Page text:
#1 ... Oklahoma got a big win at TCU - 52-46 - last week after losses to Houston (at NRG Stadium) and Ohio State (in Norman). What did we learn about OU in the win at TCU, which did not have KaVontae Turpin?
BOB PRZYBYLO: Learned that when the OU offense is humming, it’s something scary.
OU outscored TCU 42-3 in the second and third quarters, playing its best 30 minutes of the entire season.
With Samaje Perine and Dede Westbrook both now finally 100 percent after nagging injuries, offensive coordinator Lincoln Riley has a full arsenal of weapons.
Defensively? There are still issues at the cornerback spot opposite of Jordan Thomas.
Three guys have started, three guys have had some very iffy moments. One spot has held back this defense this season, seems crazy to say.
Until the Sooners get it corrected, it would befuddle any school to not keep going in that direction.
#2 ... OU had seven key players to replace on defense after last season, including OLB Eric Striker (maybe the heart and soul of the D) as well as leading tackler LB Dominique Alexander, DE Charles Tapper (now with the Dallas Cowboys) and CB Zach Sanchez (7 INTs in 2015). Where is this year's OU defense strong and where is it weak?
BOB PRZYBYLO: The defensive line was stout.
DE Charles Walker is now listed as out for Saturday's game with a head injury in addition to ILB Tay Evans.
Walker was playing like an NFL-caliber talent. The combo of Jordan Wade and Matt Romar at defensive tackle may not be flashy, but they’re oh so effective.
With Romar out for the Ohio State game, it became that much clearer how OU needs him to be healthy for the rest of the season.
Inexperience is a factor, for sure, when you look at OU’s linebackers and secondary. Or just that one cornerback spot to be brutally honest.
OU is making strides in that department as guys like Emmanuel Beal (ILB) and Caleb Kelly (OLB) get more playing time. Knew they’d take some lumps, and they certainly have.
#3 ... Would you say Texas has been the more physical team in this series the last three years? If so, how is that sitting with the Sooners and Sooners' fans? And what is the mindset of the team in your opinion coming into this one?
BOB PRZYBYLO: You’d be foolish to say anything other than that. Texas has wanted it more. Has played like it has wanted more and has pushed around the Sooners the last three seasons.
Whether it’s complacency or overconfidence or what, OU has laid an egg three times in a row at the Cotton Bowl.
The word du jour for OU this week is ‘street fight.’ You have to figure the players are sick of being told they’re not physical enough and that Texas has pushed them around the last few years. It has to stop this year. Because if it doesn’t, um, when will it?
#4 ... Where does Texas have an advantage against the Sooners, if at all?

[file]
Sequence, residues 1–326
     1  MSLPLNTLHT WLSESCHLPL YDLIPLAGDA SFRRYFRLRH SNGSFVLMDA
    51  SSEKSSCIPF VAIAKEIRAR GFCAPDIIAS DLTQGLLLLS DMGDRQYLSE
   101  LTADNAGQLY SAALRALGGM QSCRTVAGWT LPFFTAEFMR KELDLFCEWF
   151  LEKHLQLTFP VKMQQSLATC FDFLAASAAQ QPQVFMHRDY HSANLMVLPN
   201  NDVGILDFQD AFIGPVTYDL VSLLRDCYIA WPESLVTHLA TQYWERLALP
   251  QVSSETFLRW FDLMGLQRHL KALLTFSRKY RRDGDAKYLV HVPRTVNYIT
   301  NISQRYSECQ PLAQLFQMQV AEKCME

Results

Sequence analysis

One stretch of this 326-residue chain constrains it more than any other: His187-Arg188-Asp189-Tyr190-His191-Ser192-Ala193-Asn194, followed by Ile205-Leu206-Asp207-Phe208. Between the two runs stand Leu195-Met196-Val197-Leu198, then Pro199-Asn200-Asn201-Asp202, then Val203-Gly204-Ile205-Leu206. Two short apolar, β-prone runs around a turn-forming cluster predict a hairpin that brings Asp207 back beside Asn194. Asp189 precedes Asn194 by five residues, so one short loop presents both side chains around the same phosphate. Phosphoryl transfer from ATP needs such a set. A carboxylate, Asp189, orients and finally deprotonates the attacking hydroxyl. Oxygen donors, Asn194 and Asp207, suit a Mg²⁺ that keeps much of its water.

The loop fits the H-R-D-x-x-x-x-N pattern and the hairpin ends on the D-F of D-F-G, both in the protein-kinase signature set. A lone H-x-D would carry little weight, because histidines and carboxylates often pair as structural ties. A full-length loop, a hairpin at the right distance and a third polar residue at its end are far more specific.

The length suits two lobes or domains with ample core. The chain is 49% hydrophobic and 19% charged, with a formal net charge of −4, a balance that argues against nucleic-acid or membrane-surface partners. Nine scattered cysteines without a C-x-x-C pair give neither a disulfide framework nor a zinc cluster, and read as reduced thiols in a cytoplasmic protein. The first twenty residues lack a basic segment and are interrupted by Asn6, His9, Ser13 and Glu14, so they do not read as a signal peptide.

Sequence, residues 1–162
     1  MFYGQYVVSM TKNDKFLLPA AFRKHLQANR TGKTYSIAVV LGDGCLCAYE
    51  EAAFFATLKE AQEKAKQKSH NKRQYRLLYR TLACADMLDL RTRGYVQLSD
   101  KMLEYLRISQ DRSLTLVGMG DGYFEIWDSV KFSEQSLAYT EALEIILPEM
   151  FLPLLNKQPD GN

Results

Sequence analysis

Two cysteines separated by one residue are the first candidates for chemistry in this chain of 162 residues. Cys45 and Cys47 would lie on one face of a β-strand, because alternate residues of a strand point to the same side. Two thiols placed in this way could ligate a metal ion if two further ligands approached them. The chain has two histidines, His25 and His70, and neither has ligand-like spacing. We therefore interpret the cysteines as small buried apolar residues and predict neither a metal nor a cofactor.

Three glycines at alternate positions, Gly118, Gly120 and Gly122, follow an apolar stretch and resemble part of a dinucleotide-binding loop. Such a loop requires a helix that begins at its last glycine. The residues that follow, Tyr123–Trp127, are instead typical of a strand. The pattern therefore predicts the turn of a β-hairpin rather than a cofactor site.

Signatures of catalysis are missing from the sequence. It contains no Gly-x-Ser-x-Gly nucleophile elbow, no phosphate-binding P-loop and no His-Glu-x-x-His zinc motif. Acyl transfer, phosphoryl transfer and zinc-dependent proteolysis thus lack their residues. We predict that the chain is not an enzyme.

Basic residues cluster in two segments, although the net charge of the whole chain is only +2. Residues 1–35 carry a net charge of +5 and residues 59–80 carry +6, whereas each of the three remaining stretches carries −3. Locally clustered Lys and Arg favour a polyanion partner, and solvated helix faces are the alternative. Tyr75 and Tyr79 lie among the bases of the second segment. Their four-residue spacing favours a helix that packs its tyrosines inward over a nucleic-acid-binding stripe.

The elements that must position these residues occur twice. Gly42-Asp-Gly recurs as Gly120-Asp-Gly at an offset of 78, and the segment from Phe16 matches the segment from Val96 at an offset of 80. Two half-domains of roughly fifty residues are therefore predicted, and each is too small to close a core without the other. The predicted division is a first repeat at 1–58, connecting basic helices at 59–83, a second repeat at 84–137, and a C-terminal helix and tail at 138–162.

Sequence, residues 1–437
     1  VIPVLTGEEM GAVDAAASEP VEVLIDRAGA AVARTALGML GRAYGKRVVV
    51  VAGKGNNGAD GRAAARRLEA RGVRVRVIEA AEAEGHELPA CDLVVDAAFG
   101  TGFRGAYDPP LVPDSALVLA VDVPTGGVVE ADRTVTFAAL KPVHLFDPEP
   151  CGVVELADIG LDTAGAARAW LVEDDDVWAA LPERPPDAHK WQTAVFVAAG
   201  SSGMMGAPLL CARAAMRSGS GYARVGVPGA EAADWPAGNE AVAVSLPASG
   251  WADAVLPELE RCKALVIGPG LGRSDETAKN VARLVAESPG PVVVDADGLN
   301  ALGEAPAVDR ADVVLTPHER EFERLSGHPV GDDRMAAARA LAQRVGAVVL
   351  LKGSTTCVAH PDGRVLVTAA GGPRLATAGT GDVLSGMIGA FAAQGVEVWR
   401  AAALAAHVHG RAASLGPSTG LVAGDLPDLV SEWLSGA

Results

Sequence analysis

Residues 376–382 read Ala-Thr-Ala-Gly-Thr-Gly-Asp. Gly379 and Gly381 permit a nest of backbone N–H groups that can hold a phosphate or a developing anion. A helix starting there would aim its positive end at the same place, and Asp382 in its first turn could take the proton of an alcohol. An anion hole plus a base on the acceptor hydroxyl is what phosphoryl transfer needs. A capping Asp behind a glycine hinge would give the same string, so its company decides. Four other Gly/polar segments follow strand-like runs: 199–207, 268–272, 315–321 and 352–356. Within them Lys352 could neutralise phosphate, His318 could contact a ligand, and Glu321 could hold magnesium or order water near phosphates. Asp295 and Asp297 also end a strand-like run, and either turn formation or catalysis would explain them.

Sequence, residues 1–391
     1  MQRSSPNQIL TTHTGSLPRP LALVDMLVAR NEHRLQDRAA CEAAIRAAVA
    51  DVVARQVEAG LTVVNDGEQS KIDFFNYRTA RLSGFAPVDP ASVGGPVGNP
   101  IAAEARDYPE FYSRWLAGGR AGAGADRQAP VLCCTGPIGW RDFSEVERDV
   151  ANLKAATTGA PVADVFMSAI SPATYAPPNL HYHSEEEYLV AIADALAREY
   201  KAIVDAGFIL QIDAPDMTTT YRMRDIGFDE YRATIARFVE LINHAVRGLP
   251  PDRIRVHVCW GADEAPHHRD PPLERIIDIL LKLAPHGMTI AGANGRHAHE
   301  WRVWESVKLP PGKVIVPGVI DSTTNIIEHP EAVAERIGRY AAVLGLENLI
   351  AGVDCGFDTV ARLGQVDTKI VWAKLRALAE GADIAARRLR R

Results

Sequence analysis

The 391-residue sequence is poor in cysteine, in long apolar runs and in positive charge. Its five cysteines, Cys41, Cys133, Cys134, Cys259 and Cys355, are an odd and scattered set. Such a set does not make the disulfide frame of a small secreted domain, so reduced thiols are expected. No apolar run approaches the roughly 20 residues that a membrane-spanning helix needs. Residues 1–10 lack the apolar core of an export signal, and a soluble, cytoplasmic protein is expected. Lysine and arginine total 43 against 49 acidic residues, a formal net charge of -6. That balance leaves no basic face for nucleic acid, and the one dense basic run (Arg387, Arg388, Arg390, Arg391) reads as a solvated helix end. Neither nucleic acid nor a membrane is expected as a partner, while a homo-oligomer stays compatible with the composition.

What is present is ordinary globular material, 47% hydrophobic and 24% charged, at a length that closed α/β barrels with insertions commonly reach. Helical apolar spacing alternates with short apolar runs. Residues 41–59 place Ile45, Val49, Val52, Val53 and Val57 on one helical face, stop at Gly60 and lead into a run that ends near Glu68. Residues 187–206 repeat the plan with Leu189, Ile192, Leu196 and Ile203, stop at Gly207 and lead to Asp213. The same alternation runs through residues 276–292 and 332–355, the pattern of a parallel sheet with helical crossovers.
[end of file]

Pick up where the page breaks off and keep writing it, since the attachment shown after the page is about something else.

BOB PRZYBYLO: Sounds nuts to say, but let Shane Buechele attack the OU secondary all day until the Sooners prove they can stop a prolific passing attack.
The easy edge to Texas was at RB with Chris Warren and D’Onta Foreman, but with Warren out and Foreman banged up, not sure what the Horns will do in that phase of the game.
And still believe that Texas has the best player on the field in Malik Jefferson. Sometimes having the best player on the field can be enough if he finds a way to lead a rejuvenated Horns defense to pull off the upset once again in Dallas.
#5 .... What's your prediction for Saturday's game?
BOB PRZYBYLO: No idea, Chip. No clue.
This is the fourth year in a row where OU is being favored by at least double-digits, and that hasn’t panned out well for the Sooners.
Circle the second cornerback spot for OU and see if Riley relies on his horses with Samaje Perine and Joe Mixon. If Riley gets too cute, could be another disturbing afternoon for OU fans.
If Riley lets Perine and Mixon shoulder the load and sprinkle in some timely plays by Baker Mayfield, the Sooners should bring back the Golden Hat to Norman.
As for a score, oh, shoot, there's nothing to suggest OU has fixed all of its troubles and will rout a desperate Texas team. So let’s go ...
SOONERS 37 ... LONGHORNS 29
And here's how I answered the 5 QUESTIONS Bob Przybylo of SoonersIllustrated.com posed to me:
Charlie Strong becoming defensive coordinator – brilliant strategic move or last-gasp desperation attempt at keeping job?
BROWN: Could end up being both. For Strong's sake it had better not end up simply being the later, because then it's probably doomed to fail.
Everything about this move will depend on how Strong sells it - to his players and assistant coaches, in particular, former defensive play-caller Vance Bedford - obviously.
With Strong as D play caller and Bedford as secondary coach at Florida in 2008, they helped the Gators win a national title against the very school they face Saturday in the Cotton Bowl.
The only difference is, in my opinion, and I think OU has the same problem on defense - Texas lacks that coach on the field player on defense who makes a ton of plays and settles everything down when momentum needs to be turned.
I don't think Texas has had that guy since 2014 with Jordan Hicks at LB. I think Texas coaches hoped it might be Malik Jefferson as a sophomore this season. But I still think he's more of an outside linebacker than inside linebacker.
So he hasn't played at a high enough level on a consistent basis to be that guy.
(I think OU misses Eric Striker and Dominique Alexander - probably - in the same way. And I think TCU misses SS Derrick Kindred in the same way this season.)
So Strong is going to have to really channel his best defensive coordinator Yoda teachings to his young Jedis to get this group back on track - especially in the secondary.
Getting CB Holton Hill back will help (UT says he's been "banged up" - but we think he's been in the dog house some, too).
With Strong taking over the defensive calls, what can realistically be done in just a week? Is it the scheme? Or is it just hearing a new voice in their heads?
BROWN: Strong has a great personality with the players. He has a way of getting on them and coaching them hard, yet being able to talk trash and keep them relaxed, too.
I always wondered why he put Vance Bedford in charge of any of Strong's defenses, because Bedford and Strong have different personalities. Bedford coaches not to make a mistake with young players, whereas Strong throws em in and tells em to go knock the hell out of somebody.
Texas made some schematic changes last week, going from a 3-3-stack vs Cal (which played more like a prevent defense because the three DL were all DTs - not pass rushers) to a mix of 4-3 and 3-4 with pass rushers Malcolm Roach and Breckyn Hager and Charles Omenihu in the four-man and with Roach and Hager as the OLBs in the 3-4.
I'm not so sure Roach shouldn't be playing one of the inside LB positions at 260 pounds, because he is much more of a blow-up-blocks/shed blocks guy than Malik, who is more of a finesse/OLB/edge rush guy.
We'll see what Strong has in store. But he'll need to get their minds right and their scheme/adjustments right.